The statistics are telling you that this money is going into “mattresses”. The confidence crisis is people-banks not people-Euro so you can supply a huge amount of Euro without worrying about prices getting out of control. The prices+>money>flow mechanism will automatically correct the imbalances after people calm down. A central banker would have been monumentally stupid to restrict the supply of Euro under these circumstances.

The beauty of a system like TARGET2 is that it allows the prices+>money>flow mechanism to function smoothly. This mechanism is usually an auto-correcting monetary policy tool that only requires intervention infrequently. It does not resolve problems in fiscal policy, taxation policy and other areas of government policy. If you expect it to do that your expectations are unrealistic.

I think that by using this two-tiered approach and disaggregating credit* (described here and here) it could help to explain a “two-speed” economy. One where the prices of consumption goods aren’t indicating high inflation but the prices of some asset classes are looking bubbly. A banking union in the Eurozone is a natural progression toward giving the ECB “good statistics” on the non-consumption money pool and what people are doing with it.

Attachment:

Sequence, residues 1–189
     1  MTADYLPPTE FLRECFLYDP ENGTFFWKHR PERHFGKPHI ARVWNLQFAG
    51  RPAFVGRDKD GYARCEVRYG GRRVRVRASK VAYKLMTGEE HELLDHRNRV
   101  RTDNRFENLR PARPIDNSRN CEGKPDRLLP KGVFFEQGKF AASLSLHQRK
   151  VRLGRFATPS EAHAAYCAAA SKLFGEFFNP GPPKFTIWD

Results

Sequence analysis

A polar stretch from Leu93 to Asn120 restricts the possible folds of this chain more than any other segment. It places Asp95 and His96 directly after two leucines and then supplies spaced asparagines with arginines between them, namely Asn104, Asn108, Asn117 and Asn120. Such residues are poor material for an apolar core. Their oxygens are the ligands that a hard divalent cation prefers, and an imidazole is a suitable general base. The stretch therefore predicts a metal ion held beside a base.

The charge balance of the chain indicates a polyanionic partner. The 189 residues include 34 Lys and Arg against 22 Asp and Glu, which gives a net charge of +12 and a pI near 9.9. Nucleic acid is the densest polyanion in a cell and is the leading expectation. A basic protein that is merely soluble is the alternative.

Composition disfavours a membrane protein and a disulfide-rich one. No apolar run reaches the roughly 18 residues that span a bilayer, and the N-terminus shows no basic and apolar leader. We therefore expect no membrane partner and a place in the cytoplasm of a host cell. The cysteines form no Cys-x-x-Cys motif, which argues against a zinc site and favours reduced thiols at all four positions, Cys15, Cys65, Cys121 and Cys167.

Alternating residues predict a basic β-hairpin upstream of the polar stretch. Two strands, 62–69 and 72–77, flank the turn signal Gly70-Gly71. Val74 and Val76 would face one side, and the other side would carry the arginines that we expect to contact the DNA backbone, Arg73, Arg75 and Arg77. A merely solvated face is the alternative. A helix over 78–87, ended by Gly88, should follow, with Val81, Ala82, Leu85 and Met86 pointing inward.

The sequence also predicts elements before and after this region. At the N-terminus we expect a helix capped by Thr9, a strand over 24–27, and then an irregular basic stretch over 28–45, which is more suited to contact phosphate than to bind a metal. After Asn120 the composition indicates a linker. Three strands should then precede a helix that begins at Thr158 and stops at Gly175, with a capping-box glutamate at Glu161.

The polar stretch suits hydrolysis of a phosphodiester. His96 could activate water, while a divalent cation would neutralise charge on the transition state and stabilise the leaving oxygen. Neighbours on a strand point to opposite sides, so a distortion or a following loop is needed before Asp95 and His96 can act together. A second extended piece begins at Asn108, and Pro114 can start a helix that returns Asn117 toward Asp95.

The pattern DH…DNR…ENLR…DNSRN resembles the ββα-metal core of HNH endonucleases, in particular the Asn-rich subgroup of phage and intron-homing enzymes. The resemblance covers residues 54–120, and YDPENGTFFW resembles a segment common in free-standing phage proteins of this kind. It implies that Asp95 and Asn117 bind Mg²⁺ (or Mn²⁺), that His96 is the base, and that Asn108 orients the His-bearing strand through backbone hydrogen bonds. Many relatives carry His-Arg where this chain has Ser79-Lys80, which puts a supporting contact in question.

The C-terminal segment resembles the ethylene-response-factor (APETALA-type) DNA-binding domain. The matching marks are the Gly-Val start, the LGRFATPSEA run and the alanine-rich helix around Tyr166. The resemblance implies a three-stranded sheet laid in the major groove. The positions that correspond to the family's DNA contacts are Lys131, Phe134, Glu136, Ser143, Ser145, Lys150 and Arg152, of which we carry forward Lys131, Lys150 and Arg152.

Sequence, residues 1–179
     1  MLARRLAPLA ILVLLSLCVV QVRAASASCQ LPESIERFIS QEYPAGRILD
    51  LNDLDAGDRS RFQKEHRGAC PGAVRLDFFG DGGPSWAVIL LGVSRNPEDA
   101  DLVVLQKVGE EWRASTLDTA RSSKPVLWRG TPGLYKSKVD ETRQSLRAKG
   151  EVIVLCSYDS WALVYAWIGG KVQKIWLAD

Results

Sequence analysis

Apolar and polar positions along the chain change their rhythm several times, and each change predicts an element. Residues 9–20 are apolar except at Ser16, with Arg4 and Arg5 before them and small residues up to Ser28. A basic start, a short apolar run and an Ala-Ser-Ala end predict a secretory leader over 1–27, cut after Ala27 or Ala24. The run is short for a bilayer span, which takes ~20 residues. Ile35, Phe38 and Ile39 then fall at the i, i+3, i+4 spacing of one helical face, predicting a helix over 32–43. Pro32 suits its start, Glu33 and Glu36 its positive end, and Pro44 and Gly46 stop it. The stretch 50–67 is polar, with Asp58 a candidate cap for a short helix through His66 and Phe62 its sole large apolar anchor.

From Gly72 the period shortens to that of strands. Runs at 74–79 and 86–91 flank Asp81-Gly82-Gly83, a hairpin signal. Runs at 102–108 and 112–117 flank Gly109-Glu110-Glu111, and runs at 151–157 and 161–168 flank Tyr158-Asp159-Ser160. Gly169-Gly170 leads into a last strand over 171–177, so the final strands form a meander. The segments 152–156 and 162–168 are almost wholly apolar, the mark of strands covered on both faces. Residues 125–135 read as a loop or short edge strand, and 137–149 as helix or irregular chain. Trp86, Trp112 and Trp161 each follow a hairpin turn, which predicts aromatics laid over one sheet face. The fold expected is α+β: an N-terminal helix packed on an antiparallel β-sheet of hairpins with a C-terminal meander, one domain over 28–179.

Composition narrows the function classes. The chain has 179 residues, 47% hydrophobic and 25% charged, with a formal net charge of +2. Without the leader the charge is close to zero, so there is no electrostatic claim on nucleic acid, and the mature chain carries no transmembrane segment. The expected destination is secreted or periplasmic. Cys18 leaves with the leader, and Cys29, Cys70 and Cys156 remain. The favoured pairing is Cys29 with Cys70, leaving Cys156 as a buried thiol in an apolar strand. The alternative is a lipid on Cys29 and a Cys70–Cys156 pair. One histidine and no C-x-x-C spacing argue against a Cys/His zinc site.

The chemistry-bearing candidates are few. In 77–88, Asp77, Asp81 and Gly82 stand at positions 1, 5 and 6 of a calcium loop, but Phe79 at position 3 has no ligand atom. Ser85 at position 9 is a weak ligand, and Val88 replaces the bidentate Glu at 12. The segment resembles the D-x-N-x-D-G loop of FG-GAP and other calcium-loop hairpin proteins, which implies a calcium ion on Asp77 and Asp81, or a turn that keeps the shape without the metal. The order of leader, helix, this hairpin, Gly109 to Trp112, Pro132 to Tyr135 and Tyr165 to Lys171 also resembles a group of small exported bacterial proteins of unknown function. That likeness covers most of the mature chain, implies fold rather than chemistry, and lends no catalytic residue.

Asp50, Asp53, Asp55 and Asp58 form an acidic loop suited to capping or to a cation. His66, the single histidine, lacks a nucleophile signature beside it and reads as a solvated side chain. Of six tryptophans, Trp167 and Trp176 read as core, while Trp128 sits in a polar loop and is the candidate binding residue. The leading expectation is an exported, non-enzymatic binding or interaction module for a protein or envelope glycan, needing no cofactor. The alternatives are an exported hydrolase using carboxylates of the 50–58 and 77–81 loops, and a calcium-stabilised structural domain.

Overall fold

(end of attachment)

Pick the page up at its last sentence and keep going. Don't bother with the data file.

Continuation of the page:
PS - Here’s a link to an interesting discussion about “disaggregated credit” and gold with ‘Victor The Cleaner’. A big hat tip to DP and VtC for the feedback in the comments here that helped to crystallize this post. But don’t blame them if you think it’s rubbish. If it is, it’s down to me alone.

37 comments:

costata said...

At some point I need to flesh out the reasons why incorporating owner-occupied housing into the final consumption index is such a big challenge. Jacob Viner's explanation is accurate but it isn't very informative.

If you look at the statistics on housing in, for example, the USA you will see that the cost of new houses tracks the rate of price inflation. It's the land component of a dwelling that has the boom-bust price pattern.